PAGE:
This Thursday, June 9, will mark 1,365 days since September 11, 2001, the putative beginning of the War on Terror. And virtually no one will take notice.
But this number's been around before: It was 1,365 days between the attack on Pearl Harbor (December 7, 1941) and final victory over the Axis powers in World War II (September 2, 1945).
We won absolute victory in World War II thanks to our allies and our own supreme efforts at home and abroad. The nation was asked and willingly provided what was necessary to win. Taxes needed to fund the war were levied, manpower in unprecedented numbers was assembled, and civilian needs were put on hold until victory was won. For grumblers, the answering phrase "don't you know there's a war on?" became part of the lexicon.
At the war's end, the United States reaped the admiration and thankfulness of the entire world. Our prestige and image were never higher. Even Third World people laboring under colonialism recognized the pressures we were exerting to end that unsustainable system.
As the decades passed and the euphoria of the World War II victory faded, things began to change. Many, especially in the Third World, began to view the United States as the new dominating force in the world. And it was not appreciated.
Skip ahead to September 11, 2001. The attacks on New York and Washington enraged Americans just as Pearl Harbor had. But this time the questions --- Who was the enemy? Why did they do it? How do we get at them? --- didn't come with obvious answers.
We soon knew who: al Qaeda and Osama bin Laden. We were lied to as to why: "We were attacked because we are the beacon of freedom." And we would get after them. We were told the United States would launch a War on Terror and bin Laden would be brought "back dead or alive." (Both quotes from George W. Bush.)
At first we had the world behind us. In Paris, Le Monde proclaimed after the attack "Today we are all Americans." NATO pledged all-out support for the US. Intelligence agencies around the world offered help.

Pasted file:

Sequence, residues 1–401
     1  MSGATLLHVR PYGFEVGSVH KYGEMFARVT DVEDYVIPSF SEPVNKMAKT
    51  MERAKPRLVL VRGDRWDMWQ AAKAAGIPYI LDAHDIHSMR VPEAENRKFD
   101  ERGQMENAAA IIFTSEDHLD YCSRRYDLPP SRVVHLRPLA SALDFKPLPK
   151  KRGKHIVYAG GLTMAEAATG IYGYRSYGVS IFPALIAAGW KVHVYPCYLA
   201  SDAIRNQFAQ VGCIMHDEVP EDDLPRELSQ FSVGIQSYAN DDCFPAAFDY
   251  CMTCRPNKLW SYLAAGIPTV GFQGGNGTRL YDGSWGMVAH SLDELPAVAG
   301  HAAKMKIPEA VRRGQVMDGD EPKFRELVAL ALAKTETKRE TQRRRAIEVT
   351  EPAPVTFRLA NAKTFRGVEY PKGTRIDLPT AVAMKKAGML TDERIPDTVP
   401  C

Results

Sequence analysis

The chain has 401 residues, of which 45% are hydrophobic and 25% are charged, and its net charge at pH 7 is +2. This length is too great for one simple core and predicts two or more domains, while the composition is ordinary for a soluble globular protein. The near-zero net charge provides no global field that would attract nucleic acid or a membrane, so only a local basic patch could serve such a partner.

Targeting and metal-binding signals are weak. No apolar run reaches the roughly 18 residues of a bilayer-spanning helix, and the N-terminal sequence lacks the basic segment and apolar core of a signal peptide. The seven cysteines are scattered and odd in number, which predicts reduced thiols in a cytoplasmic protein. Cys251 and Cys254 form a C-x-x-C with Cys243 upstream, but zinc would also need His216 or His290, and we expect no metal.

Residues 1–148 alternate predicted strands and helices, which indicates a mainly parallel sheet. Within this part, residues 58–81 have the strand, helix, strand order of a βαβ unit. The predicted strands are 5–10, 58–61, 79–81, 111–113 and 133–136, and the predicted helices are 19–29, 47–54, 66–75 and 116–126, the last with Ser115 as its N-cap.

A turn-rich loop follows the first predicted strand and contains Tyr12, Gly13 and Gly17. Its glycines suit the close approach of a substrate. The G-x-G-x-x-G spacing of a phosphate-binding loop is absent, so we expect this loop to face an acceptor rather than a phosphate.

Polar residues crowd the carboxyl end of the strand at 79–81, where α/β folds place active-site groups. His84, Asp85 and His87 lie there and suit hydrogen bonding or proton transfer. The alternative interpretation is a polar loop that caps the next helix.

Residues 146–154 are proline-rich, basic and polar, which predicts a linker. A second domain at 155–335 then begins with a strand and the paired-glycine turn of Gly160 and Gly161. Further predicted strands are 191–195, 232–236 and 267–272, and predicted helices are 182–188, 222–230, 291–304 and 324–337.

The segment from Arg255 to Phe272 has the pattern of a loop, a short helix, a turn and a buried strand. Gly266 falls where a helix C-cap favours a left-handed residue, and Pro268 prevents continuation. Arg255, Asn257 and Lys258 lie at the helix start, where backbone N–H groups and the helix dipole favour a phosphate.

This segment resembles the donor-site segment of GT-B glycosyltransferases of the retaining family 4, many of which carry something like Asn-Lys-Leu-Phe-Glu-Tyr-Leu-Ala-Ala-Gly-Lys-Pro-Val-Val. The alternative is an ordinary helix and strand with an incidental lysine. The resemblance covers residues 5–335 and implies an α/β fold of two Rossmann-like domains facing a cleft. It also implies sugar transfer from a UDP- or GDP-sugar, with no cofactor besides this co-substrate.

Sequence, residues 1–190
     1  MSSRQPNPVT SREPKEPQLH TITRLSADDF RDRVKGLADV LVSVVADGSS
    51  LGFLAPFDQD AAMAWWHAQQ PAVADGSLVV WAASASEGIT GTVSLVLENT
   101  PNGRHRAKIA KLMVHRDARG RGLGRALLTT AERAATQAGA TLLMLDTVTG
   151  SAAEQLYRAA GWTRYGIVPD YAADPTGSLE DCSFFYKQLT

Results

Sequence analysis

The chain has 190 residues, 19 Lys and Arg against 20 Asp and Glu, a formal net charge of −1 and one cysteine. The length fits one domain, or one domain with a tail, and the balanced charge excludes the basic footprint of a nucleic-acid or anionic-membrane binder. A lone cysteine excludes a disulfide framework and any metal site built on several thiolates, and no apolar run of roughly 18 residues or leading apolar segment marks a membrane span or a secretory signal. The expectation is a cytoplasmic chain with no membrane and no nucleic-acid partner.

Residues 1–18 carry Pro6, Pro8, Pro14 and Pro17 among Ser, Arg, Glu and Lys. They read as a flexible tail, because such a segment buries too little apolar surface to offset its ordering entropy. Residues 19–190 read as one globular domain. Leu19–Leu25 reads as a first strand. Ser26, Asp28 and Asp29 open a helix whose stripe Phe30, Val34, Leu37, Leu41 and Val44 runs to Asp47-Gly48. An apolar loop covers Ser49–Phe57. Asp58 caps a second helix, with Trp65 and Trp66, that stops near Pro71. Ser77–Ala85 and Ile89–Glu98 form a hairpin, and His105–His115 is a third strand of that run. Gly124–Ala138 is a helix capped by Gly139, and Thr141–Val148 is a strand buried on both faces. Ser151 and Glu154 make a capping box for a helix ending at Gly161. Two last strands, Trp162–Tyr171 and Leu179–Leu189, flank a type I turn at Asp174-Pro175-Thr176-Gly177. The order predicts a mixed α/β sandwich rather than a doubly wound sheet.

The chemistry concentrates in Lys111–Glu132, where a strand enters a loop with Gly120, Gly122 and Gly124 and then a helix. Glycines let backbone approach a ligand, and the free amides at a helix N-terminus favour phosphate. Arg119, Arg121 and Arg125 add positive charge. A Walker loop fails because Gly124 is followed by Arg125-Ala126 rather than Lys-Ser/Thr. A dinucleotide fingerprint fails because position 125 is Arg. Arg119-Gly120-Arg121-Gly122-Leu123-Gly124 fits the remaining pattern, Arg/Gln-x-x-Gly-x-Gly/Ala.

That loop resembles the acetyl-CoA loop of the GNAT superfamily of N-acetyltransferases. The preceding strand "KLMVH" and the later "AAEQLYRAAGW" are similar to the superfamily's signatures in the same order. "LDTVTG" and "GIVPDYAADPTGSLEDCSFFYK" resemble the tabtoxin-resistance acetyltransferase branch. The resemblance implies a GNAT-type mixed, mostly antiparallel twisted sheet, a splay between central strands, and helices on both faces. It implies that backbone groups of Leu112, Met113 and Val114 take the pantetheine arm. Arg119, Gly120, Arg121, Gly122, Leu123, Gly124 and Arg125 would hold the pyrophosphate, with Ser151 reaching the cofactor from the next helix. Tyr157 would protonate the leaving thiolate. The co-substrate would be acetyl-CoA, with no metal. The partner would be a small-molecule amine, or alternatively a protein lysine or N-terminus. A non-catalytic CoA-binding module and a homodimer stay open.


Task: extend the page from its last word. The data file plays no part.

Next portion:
Somehow it all went wrong. We went into Afghanistan with our lukewarm acceptance of European help. And despite possessing the world's most sophisticated military technology, we somehow allowed bin Laden to slip away into Pakistan. Then we moved on to a war in Iraq that's becoming more and more unpopular as it drags on. Now even the majority of Americans think the Iraq invasion was a mistake. In the latest CBS news poll (May 24), 60 percent of Americans think the Iraq war is not worth the sacrifice.
So here we are. Bin Laden is still at large. The year 2004, as recently reported by the State Department, had the most terrorist attacks in history. The recruiting effort of the United States military appears in a crisis mode, with scandalous methods being used to dragoon poor young recruits out of high schools. It's easy to paste stickers on cars to support our troops, a little more problematic to find troops willing to be supported.
The total cost of the War on Terror has reached $350 billion, according to the Congressional Research Service. The Iraq piece of that is $200 billion, and will reach $500 billion by 2010 according to the CRS. Instead of asking the American people to pay for this war, we have issued massive tax cuts and we refuse to implement a draft. Of course, it would be politically impossible to reinstitute the draft. Public scrutiny on what we're doing in Iraq would go up exponentially. How sad all this is compared to the unity and shared sacrifice of World War II.
Any objective view would have to conclude that the "War on Terror" has been an abysmal failure. It has not been won, not even close. And worst of all, in sharp contrast to the end of World War II, the level of respect, admiration, and prestige for the United States has never been lower. This is the discouraging milestone we will pass on June 9, 2005.
A numbers exercise
Even though the filibuster battle may have temporarily receded, it's still interesting to look at a few relevant numbers. I added up the populations in states where Republicans have both Senate seats. Then in states where the Senate seats are split, I added half of the population for each of those states and totaled the two sets of numbers. The results:
• Republican senators, with 55 seats, represent only 46 percent of the population.
• Democratic senators and one independent, with 45 seats, represent 54 percent of the population.
I know, I know. The Constitution says small population states get two senators just like big states as a check against the tyranny of the majority. But wait a minute. I thought that was what the filibuster rule was for as well. So what has the argument been about again?
Laurence Britt will be talking about politics on Wisconsin Public Radio's Conversations with Joy Cardin at 9 a.m. Wednesday, June 8. Archives available at www.wpr.org.